Motivation – self and self-transcendence


It has been presumed for many years that satisfying lower order needs of workers - adequate food, clothing and shelter, etc. are key factors in motivation. However, it is a common experience that the dissatisfaction of the clerk and of the Director is identical - only their scales and composition vary. It should be true that once the lower-order needs are more than satisfied, the Director should have little problem in optimizing his contribution to the organization and society. But more often than not, it does not happen like that. ("The eagle soars high but keeps its eyes firmly fixed on the dead animal below.") On the contrary, a lowly paid schoolteacher, or a self-employed artisan, may well demonstrate higher levels of self-actualization despite poorer satisfaction of their lower-order needs.

This situation is explained by the theory of self-transcendence propounded in the Gita. Self-transcendence involves renouncing egoism, putting others before oneself, emphasizing team work, dignity, co-operation, harmony and trust – and, indeed potentially sacrificing lower needs for higher goals, the opposite of Maslow.

"Work must be done with detachment." It is the ego that spoils work and the ego is the centerpiece of most theories of motivation. We need not merely a theory of motivation but a theory of inspiration.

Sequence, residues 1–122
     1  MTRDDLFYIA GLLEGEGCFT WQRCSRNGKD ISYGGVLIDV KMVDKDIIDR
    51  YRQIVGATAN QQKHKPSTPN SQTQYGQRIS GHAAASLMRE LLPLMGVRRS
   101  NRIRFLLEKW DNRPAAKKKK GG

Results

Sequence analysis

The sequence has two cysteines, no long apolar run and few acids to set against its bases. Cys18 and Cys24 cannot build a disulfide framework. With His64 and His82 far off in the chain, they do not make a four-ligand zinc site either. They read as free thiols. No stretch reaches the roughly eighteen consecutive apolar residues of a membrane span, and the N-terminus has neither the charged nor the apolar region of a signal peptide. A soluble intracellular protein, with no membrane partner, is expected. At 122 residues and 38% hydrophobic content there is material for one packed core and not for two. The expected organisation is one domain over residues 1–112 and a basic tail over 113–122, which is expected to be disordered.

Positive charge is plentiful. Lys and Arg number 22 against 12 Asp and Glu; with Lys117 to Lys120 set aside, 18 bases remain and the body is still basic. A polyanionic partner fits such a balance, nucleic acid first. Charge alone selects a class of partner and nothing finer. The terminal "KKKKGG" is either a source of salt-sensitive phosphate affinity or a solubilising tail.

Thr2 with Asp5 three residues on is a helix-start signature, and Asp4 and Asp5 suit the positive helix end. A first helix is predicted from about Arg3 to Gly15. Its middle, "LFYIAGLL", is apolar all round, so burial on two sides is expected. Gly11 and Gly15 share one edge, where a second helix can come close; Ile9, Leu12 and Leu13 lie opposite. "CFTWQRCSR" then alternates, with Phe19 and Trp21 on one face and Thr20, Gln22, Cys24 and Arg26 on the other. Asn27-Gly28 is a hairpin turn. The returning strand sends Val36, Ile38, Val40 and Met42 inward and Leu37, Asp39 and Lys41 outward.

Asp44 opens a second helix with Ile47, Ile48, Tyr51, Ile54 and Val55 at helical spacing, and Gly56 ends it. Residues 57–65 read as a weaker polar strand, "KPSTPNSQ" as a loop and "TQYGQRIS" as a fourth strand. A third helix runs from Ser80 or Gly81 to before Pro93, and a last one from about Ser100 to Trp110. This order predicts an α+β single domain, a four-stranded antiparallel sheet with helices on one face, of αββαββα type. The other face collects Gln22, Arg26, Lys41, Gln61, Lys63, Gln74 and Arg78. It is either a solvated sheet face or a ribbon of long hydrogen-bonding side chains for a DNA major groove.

The Great Indian poet, Rabindranath Tagore (1861-1941, known as "Gurudev") says working for love is freedom in action. A concept which is described as "disinterested work" in the Gita where Sri Krishna says,

"He who shares the wealth generated only after serving the people, through work done as a sacrifice for them, is freed from all sins. On the contrary those who earn wealth only for themselves, eat sins that lead to frustration and failure."

Disinterested work finds expression in devotion, surrender and equipoise. The former two are psychological while the third is determination to keep the mind free of the dualistic (usually taken to mean "materialistic") pulls of daily experiences. Detached involvement in work is the key to mental equanimity or the state of "nirdwanda." This attitude leads to a stage where the worker begins to feel the presence of the Supreme Intelligence guiding the embodied individual intelligence. Such de-personified intelligence is best suited for those who sincerely believe in the supremacy of organizational goals as compared to narrow personal success and achievement.

 

Introduction
Management guidelines from the Bhagavad Gita
Old truths in a new context
The source of the problem
Utilisation of available resources
Work commitment
Motivation – self and self-transcendence
Work culture
Work results
Manager's mental health
Management needs those who practice what they preach
In conclusion
What Scholars say?
 

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